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Taking the ad plunge

20 comments

This caught my eye:

Web Display Ads Attract Fewer Clicks

in last Monday’s New York Times. It was just a little article but it contained an important message: “Internet users are increasingly reluctant to click” on display ads. “That is bad news for the hosting Web sites,” including blogs, the article said.

Advertising has, of course, been the Holy Grail of blogs that hope to generate revenue, since the vast majority of them cannot hope to persuade enough people to pay for subscriptions. And between subscriptions and ads, how else can a blog make money?

The article cited as its source of information an Oct. 1 press release from a company, comScore, which describes itself as “a global leader in measuring the digital world and the preferred source of digital marketing intelligence.” comScore conducted a survey and found that “the number of people who click on display ads in a month has fallen from 32 percent of Internet users in July 2007 to only 16 percent in March 2009.” (Speaking for myself, my click-through score is a perfect zero.) “The act of clicking on a display ad is experiencing rapid attrition in the current digital marketplace,” said a comScore VP.

Well, I can understand that. I do my best to ignore ads online, the same way that, when I watch TV, I switch the remote as soon as a commercial comes on. Hate that stuff.

The comScore study made some assumptions. It may be that a display ad works even if nobody bothers to click on it, because just seeing the brand name or logo registers in the mind, making it more likely that the viewer will eventually buy the product. This is, indeed, “the manner in which traditional advertising has been measured for decades using reach and frequency metrics.” Which explains why there are so many billboards on major roads.

I guess that generations of Mad Men have proof that exposure to a visual icon works, but I wonder, if the click rate continues to decline — and why wouldn’t it? –will companies continue to place ads on blogs? The argument in favor is that it’s so cheap to do so, they might as well. And there is no argument against. On the other hand, with the click rate so low, then so will the ad rates be that bloggers are able to charge. And if the bloggers are depending on money from click-through sales, they’re bound to be disappointed.

I could put lots of ads up on my blog. The number of viewers I get is quite high. I’ve considered it, and I sure could use the extra money. The reason I don’t is because (a) the rates are so low that it’s hardly worth the effort, and (b) my blog has a certain credibility that might get eroded if I were to take ads. I haven’t entirely ruled it out, though. If I could make thousands a month in ads, I’d probably take my chances, and write a passionate apologia to readers, explaining that an ad for, say, a wine club whose wines I review for Wine Enthusiast has no influence on my ratings for those wines, which would be the truth. Some people might not believe it; others would. That’s life.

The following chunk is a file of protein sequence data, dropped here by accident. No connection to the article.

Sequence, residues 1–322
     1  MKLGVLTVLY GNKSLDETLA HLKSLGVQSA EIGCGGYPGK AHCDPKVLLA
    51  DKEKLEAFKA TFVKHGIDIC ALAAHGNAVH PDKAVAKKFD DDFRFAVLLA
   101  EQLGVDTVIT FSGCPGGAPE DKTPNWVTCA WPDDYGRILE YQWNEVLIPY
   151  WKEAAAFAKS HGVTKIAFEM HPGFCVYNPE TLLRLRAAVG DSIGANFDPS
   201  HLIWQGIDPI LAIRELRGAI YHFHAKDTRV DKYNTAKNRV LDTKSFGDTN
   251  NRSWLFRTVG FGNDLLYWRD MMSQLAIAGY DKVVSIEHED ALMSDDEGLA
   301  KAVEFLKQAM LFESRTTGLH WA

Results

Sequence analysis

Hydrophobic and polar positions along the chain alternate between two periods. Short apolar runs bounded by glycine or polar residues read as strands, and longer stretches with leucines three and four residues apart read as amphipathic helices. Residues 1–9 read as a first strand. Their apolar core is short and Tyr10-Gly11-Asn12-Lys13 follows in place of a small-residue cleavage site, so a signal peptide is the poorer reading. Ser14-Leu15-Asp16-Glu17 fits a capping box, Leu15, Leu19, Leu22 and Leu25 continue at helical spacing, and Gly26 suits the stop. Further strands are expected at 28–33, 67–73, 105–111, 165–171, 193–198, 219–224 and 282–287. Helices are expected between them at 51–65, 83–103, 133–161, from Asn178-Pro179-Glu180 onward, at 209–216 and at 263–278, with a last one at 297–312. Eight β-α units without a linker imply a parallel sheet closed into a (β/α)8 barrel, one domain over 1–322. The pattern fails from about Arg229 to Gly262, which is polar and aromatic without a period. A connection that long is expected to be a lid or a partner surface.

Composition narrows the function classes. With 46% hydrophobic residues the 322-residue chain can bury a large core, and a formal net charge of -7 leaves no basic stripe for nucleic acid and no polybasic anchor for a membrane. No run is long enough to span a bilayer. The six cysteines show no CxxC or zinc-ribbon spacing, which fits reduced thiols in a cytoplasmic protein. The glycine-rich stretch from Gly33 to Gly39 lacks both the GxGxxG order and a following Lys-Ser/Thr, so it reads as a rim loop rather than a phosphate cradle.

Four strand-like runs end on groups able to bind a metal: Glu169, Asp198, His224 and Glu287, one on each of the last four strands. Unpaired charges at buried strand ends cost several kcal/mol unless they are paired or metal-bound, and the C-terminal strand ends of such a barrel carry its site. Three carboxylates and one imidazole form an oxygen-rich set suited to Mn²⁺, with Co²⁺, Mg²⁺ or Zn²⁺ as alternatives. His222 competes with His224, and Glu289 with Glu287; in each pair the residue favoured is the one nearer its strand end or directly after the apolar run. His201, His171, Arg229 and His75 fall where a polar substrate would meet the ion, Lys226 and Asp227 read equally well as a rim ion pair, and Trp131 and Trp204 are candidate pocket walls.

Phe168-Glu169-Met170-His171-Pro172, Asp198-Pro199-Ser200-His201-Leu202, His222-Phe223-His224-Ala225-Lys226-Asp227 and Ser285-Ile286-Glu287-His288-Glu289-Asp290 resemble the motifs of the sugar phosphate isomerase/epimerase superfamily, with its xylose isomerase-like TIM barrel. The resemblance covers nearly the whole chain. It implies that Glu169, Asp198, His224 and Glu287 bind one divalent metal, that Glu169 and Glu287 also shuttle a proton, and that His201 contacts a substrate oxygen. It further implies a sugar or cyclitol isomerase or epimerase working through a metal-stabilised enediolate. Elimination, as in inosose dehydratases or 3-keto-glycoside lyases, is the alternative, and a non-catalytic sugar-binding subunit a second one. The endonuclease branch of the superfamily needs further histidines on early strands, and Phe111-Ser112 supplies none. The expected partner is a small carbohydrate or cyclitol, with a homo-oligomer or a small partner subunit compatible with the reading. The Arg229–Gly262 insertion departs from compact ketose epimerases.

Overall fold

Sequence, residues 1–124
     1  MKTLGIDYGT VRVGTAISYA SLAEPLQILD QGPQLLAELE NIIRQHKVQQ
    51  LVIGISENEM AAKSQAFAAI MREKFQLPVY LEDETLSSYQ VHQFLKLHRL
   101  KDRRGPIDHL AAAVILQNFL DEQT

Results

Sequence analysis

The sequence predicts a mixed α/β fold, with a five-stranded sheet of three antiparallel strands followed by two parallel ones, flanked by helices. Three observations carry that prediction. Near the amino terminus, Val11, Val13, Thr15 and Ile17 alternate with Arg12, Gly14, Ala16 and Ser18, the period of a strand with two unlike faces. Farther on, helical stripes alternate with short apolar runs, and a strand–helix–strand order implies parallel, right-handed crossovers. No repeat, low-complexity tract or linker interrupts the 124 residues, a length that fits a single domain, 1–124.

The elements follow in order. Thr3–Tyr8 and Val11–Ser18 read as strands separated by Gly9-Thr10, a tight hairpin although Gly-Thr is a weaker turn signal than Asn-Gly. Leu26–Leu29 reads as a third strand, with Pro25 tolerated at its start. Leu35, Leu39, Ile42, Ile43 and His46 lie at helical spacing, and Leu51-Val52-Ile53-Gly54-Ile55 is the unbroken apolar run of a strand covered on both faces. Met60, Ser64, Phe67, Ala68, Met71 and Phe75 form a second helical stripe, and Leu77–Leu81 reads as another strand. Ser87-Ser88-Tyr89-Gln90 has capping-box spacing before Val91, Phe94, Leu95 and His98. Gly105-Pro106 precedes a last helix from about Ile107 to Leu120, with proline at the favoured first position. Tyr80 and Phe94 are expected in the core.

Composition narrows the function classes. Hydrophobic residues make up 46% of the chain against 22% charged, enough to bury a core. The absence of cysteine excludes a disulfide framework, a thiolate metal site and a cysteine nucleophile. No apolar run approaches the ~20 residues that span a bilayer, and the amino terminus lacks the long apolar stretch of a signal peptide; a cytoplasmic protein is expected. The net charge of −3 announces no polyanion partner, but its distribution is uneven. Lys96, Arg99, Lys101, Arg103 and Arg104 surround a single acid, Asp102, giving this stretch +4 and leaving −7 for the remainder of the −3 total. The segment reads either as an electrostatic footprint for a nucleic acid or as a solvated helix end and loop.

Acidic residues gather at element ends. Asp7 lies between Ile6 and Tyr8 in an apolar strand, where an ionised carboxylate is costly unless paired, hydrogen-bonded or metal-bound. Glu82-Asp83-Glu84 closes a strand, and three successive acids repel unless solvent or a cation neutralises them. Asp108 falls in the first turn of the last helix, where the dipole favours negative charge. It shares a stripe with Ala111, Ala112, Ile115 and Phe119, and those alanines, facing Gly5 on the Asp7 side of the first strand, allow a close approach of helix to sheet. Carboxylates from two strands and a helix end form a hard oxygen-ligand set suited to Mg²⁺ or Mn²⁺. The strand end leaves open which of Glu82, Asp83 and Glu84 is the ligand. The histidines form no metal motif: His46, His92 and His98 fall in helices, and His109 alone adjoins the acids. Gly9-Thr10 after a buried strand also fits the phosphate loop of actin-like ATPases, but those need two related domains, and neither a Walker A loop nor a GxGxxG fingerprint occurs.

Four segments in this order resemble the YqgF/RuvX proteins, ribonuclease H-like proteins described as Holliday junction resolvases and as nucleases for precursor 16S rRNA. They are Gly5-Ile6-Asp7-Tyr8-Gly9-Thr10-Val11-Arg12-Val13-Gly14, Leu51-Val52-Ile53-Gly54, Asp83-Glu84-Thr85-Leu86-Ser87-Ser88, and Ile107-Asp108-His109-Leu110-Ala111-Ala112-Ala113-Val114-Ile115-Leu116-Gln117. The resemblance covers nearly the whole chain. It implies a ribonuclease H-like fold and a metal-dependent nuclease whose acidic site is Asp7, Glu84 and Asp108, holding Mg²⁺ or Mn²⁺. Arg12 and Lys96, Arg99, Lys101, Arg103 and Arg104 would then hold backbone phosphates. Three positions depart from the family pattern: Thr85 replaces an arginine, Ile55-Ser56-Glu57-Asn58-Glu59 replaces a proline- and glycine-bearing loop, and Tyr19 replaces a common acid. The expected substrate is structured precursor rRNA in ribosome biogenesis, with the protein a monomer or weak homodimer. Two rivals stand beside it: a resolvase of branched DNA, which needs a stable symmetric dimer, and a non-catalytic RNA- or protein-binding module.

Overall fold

Anyhow, with clicks nose-diving and rates mired in the basement, I have no reason to consider making any changes. But I wonder how people would react if I took the ad plunge. After all, just about every other blog has.

mad-men-silouhette-1

  1. Steve,

    I love to see (or imagine) connections between things that seem unrelated. This post made me think of the post about how things are changing in the wine industry. Well, things are changing all around us as we try to cope with the Tsunami of data now thrust uppon us by this digital age. I remember the outrage in the wine industry when distributors and big chains insisted on UPC barcodes on bottles. “Sacrilige” we all screamed… a wine label is ART (we insisted)… a short 5 years later our visin learned to ignore those damn vertical black bars and we go on with life. Pop up ads are the same. we’ve learned to ignore them.

  2. The other thing to consider, concerning click ads, is target market.

    If your ad is for a product that sells through the distribution network–nationally–like wine, you may benefit from the number of “sights.”

    On the other hand, if your ad is for an item that you sell online only, the sights are relatively meaningless–you need the clicks.

    I’m learning this lesson as we speak, with a poster series that I was sure would have an online audience. Oh, well.

  3. Oi, Oded, you’re turning into a philosopher!

  4. “It may be that a display ad works even if nobody bothers to click on it, because just seeing the brand name or logo registers in the mind,”

    That is called building brand awareness.